Suggs, cakes and risk
By Alistair McIntosh, CEO, HQN
What was Soho like in the 1980s? You can read all about it in a new book by Christopher Howse. He makes it sound a magical world of poets and painters. And for him it was. But not for me. I was leasing homes for Camden so spent the ’80s cycling through the rain and huddled up in cafes writing my notes.
Where was it best to go? Bar Italia did have great coffee and you could more or less rely on bumping into Suggs. But it did not hold a candle to Patisserie Valerie for what I needed to do. It had proper laid up tables that you could use as a desk so you could crack on with work in the dry. And I could easily burn off the cakes in those days as I pedalled all through London seeking out flats for the homeless. You had to be sharp to get in as there was only one branch. Of course, it was too good to last. Since then it has gone down a well-trodden path.
The money men took one look at Patisserie Valerie and thought they could do a better job. In no time at all they had opened up on every tedious high street and shopping centre. On the face of it they were doing a roaring trade. But this story always has the same ending. They’ve run out of cash.
Why do I mention this? It’s because the new Sector Risk Profile came out at the same time that Patisserie Valerie hit the buffers. And you can take much the same lessons.
Patisserie Valerie grew too quickly and went into places it shouldn’t have gone. We’ve seen a few associations come a cropper for doing that. Who runs the show at Patisserie Valerie? Did the fish rot from the head? Luke Johnson is in charge and he looks super. He has a long track record in business and a column in the Sunday Times telling the rest of us what to do. Yes, we too see boards with all the CV gear but no idea.
In his columns, Luke warned us about entrepreneurs that wanted to grow at all costs and got bored if they weren’t doing that. Do we get antics like this in housing? We sure do and that’s why the RSH warns us about diversifying too far. What works in Soho, or wherever you start from, might not be right in other places. It could be that Luke was also brought down by over optimistic sales projections, fraud and slack audits. I don’t know if this is true but it will all come out in the wash. We see these sorts of things in housing so they are in the Sector Risks report.
The RSH seems to be worried about associations that need to sell homes to keep on track. That comes as no surprise. As they tube it home after a hard days work they will read the Evening Standard. And what do they spot in it?
Loads of big glossy adverts from associations trying to shift homes for sale. Why not just say it’s a buyer’s market? Let’s look on the bright side, shall we? It’s great that these adverts are keeping George Osborne in a job as editor of the Standard. He was the far-sighted genius that gave us the rent cut. So, it’s only right that we help him out.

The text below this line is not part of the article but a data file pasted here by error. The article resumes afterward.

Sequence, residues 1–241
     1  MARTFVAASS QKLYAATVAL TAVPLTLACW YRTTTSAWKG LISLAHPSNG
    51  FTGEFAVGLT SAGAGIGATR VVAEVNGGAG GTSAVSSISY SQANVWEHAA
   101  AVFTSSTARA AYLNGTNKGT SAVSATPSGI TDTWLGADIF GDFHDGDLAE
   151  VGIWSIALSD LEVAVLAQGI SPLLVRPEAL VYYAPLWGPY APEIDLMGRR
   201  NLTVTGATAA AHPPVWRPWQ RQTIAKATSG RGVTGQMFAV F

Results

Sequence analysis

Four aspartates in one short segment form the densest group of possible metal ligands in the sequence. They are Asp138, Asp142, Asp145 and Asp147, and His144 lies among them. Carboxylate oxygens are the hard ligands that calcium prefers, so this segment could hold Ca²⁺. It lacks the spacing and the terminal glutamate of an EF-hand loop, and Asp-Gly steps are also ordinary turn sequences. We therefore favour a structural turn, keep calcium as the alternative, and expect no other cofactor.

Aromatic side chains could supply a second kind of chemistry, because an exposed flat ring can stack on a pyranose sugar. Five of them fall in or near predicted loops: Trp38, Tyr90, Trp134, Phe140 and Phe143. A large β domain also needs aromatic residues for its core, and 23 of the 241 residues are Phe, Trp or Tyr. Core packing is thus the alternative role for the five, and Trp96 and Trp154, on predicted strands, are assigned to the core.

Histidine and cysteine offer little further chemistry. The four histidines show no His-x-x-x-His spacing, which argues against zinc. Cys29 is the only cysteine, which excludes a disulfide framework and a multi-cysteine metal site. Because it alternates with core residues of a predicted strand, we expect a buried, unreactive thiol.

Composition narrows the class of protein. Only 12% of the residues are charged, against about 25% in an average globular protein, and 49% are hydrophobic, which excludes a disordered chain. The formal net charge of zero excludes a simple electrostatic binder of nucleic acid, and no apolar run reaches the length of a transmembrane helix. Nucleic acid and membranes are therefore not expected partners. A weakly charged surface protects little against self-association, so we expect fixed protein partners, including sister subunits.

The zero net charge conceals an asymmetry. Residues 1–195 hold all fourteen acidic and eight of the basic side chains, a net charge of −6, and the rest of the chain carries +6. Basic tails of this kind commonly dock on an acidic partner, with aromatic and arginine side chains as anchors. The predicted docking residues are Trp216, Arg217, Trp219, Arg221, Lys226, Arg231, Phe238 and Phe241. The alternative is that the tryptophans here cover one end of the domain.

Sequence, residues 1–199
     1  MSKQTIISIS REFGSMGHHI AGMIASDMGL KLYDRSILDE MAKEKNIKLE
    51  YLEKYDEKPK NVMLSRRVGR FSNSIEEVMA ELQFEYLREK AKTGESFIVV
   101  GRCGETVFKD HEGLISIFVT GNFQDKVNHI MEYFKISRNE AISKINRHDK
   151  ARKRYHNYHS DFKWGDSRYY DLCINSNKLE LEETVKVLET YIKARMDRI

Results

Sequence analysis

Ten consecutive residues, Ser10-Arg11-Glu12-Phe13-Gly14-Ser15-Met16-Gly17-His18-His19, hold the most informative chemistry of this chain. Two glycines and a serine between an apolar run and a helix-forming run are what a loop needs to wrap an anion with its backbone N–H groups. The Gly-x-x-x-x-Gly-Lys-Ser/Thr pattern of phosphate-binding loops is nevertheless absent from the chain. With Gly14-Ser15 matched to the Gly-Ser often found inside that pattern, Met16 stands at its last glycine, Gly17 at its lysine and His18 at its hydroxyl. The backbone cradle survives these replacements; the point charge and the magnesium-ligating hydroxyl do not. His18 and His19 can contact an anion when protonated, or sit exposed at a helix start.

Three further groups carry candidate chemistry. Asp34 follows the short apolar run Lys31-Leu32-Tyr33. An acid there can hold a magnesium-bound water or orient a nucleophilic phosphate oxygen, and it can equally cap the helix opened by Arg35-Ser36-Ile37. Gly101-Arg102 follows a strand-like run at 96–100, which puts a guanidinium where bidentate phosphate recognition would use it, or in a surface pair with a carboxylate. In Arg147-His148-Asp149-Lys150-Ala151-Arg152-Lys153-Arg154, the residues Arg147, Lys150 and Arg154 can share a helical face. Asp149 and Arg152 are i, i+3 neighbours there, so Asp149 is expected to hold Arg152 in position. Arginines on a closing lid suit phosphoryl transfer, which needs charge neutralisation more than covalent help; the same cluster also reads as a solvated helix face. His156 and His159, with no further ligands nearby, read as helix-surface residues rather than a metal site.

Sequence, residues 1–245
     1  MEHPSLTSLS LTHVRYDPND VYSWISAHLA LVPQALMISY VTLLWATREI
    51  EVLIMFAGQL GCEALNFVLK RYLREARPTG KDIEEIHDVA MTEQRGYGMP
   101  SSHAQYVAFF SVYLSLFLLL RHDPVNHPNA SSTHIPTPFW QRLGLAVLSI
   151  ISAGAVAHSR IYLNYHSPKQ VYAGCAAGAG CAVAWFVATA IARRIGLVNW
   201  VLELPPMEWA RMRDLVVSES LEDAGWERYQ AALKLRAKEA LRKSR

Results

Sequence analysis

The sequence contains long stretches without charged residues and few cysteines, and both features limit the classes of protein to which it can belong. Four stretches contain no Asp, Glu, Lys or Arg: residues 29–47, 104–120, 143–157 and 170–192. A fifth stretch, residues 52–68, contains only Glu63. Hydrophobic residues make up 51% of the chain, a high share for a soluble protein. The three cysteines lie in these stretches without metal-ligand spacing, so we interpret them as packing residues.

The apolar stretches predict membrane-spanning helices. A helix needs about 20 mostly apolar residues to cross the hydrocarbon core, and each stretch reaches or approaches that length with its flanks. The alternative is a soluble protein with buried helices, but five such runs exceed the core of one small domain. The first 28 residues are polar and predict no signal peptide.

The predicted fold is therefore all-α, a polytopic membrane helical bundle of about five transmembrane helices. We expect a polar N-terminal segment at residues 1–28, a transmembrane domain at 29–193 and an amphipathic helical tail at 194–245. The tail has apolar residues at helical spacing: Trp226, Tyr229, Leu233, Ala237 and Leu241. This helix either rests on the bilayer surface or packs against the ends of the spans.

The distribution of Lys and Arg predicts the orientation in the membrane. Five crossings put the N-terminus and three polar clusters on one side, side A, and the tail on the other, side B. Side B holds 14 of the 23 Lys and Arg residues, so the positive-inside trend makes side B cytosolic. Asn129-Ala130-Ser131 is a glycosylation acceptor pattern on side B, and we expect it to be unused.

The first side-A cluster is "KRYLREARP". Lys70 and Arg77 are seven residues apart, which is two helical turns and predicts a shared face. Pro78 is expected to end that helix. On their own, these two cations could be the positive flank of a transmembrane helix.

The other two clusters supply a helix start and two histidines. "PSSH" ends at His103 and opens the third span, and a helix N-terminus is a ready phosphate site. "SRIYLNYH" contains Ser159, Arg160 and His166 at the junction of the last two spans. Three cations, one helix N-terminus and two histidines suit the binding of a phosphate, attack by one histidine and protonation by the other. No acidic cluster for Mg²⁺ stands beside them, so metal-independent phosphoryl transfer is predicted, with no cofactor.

Actually I do mean that. Osborne taught us to take nothing for granted. The rent cut wasn’t a risk anyone was looking at. Nor was Grenfell. By all means go through the Sector Risk Profile with a magic marker and write a wee report telling the board you are on top of it. It will make you feel good but that’s all it will do. These risks are in the past. It’s the ones you’re not expecting that will take you out.
All we were told to worry about was cash and covenants in the early Sector Risk Profiles. That was the way we went after Cosmopolitan. You couldn’t get anyone to look at anything else. Our reaction to that was a classic case of myopia. It set us back years.
At long last fire safety is being taken seriously after Grenfell. But we need to keep an eye on more than this. Balconies and windows are starting to fall out. Are you sorting that out? How good are your new builds? The press is having a field day about slipshod new homes. When you try to sell homes, are your valuations fair? People are asking if Help to Buy and shared ownership are a good deal. Are they?
So, after seven years of Sector Risk Profiles and four editions of Learning from Problem Cases where are we? I’m sorry to say we’ve shown the perspicacity of Mr Magoo. Risks keep getting added that we didn’t predict. Maybe that’s the way it is in the fast-paced modern world.
It is just hard to see what is coming down the line. So we need people to do the legacy work to box off the old Sector Risks. But by their side we must have folk that scan for problems with super-fast twitches in a crisis. Do you have these types on tap?
One thing that has changed is that the RSH has more money to spend thanks to your fees. I’m pleased to report they are using it wisely. The Sector Risk Profile is improved beyond all measure by putting a picture of a compass on the front cover. Are they telling us where to go? Well I for one want to go back to Soho in the 1980s. And not for a coffee. Jeff bin in…